By Matthew Geagan, CBS Boston
BOSTON (CBS) -- Jaylen Brown was having a career year for the Celtics last season before a wrist injury ended his campaign early. Losing Brown robbed the Celtics of any chance that the team had of making their first-round playoff series against the Brooklyn Nets interesting, and Brown to showcase his vastly improved game on the NBA's biggest stage.
Brown had to undergo surgery on his wrist as his teammates finished out the year, but he was always there to provide insight and some encouragement from the bench. More importantly, he is good to go for the start of training camp on Tuesday, and the Boston swingman is expecting even bigger steps in his game in his sixth NBA season.
While he didn't like having to sit out at the most important time of the year, Brown said the injury gave him the rest he needed to get his body ready for the upcoming season.
"Last year going into the season, we didn't have a lot of recovery time going from the bubble to the next year. My body felt it with knee issues. I didn't have the normal explosiveness that I like to have," Brown explained at Monday's media day. "It was a lot for my body and for the most part, it held up. But I was injured, an isolated injury. My body could have felt better going into the year, but now I feel athletic, fast, dynamic."
If Brown didn't have his normal explosiveness to start last season, it's wild to think of what he'll be able to do in 2021-22. He made major strides with his game last year, averaging a career-best 24.6 points per game while shooting nearly 40 percent from downtown. He was an assassin from midrange as well, hitting 48 percent of his shots from 10-16 feet from the hoop and 70 percent of his attempts around the basket. With his continued excellence on the defensive end, Brown easily earned his first All-Star selection last season.
Jayson Tatum receives much of the attention in Boston, and rightfully so. But Brown is no No. 2 -- he's a solid 1A next to Tatum, which has new head coach Ime Udoka referring to the duo as the pillars of the franchise. It's a title that Brown welcomes, and he's going to do everything in his power to live up to the moniker.
"Embrace it," he said of his spot near the top of the team's totem pole.
But he also understands that being at the top of his game doesn't mean that he and Tatum are the only ones making shots. With all the attention they'll receive from opposing defenses, it's important for them to find teammates when they have easy looks.
"It's going to take a collective effort, for sure. Being leaders, it's about maximizing our potential as well as others," said Brown, who averaged a career-best 3.4 assists last season. "I'm excited. The mindset is a championship mentality. I look forward to playing basketball the right way and seeing where that takes us."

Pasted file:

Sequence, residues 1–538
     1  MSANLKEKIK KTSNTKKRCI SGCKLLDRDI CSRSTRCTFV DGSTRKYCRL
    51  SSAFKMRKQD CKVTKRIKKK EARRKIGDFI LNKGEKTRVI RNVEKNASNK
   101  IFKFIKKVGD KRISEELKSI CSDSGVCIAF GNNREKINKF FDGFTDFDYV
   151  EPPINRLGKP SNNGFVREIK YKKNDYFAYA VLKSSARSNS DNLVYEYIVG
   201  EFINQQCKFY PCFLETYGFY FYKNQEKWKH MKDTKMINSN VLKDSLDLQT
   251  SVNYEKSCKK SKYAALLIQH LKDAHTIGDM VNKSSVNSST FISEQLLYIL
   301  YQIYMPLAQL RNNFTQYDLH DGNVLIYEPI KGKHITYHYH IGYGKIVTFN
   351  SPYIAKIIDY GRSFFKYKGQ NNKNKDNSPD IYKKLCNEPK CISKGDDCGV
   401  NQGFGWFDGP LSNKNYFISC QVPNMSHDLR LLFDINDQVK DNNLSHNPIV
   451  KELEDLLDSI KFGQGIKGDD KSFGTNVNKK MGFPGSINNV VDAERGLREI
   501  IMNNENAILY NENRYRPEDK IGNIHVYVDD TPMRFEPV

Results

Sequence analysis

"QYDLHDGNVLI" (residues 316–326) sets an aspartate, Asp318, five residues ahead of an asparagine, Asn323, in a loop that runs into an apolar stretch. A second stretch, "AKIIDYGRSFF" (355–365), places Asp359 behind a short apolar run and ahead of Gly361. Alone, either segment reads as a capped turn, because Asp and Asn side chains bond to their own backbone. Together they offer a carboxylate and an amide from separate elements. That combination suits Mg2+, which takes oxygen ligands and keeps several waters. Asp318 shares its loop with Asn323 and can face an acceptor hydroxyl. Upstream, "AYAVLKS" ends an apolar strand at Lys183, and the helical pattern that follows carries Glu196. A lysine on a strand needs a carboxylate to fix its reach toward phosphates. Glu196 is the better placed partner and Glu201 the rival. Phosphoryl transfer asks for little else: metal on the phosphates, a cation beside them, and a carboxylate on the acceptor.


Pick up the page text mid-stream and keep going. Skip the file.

Brown is confident that the Celtics will be playing "the right way" under Udoka, who received the stamp of approval from Tatum and Brown before he was brought in by Brad Stevens to take over the Boston bench. Udoka was never a star in the league during his playing days, and understands that it takes everyone on the roster to win consistently. Defense is the name of the game under the former Gregg Popovich disciple, and he's a firm believer in moving the ball around and getting everyone involved on offense.
The Celtics were far too stagnant on offense last season, with way too much hero ball and way too much standing around by players not directly involved in the play. It will take a collective effort from Boston to change that this season, and Brown is ready to step up and echo Udoko'a message on the floor.
"He has my full attention and full respect. I'm completely bought in and trying to be an extension of him on the court," Brown said Monday. "I want to make sure his start with the Celtics is a good one, and we are looking forward to utilizing each other to get the best out of this team and this organization."
Brown and Tatum have both said that they're open to receiving some "hard coaching" from Udoka, which will keep them motivated throughout the season.
"I'm open to any form of teaching that exists, that I'll be able to adapt and gravitate to. Having open communication is most important," said Brown. "I expect to be in his office a lot, talking a lot, trying to get the most out of this group."
As a team, the Celtics had a disappointing step backward last season. While Brown and Tatum both played great individually, it did not always lead to team success. It too often led to solid games from the two rising stars, but losses for the Celtics.
Brown is ready to change that. While he's eager to take more steps toward superstardom, he's a lot more eager to see his impact lead to a lot more success for everyone in green.
"The past is the past. Of course you learn from it, but you also put it behind you at the same time and don't let it carry into your future," he said. "We have a new team, new head coach, new people in the weight room. It's a whole new look for the organization, it's more diverse. I'm optimistic that as we continue to have the culture on and off the court, we'll continue to get better as individuals and make Boston proud.
"And we'll win games in the meantime," Brown added. "I'm looking forward to it."
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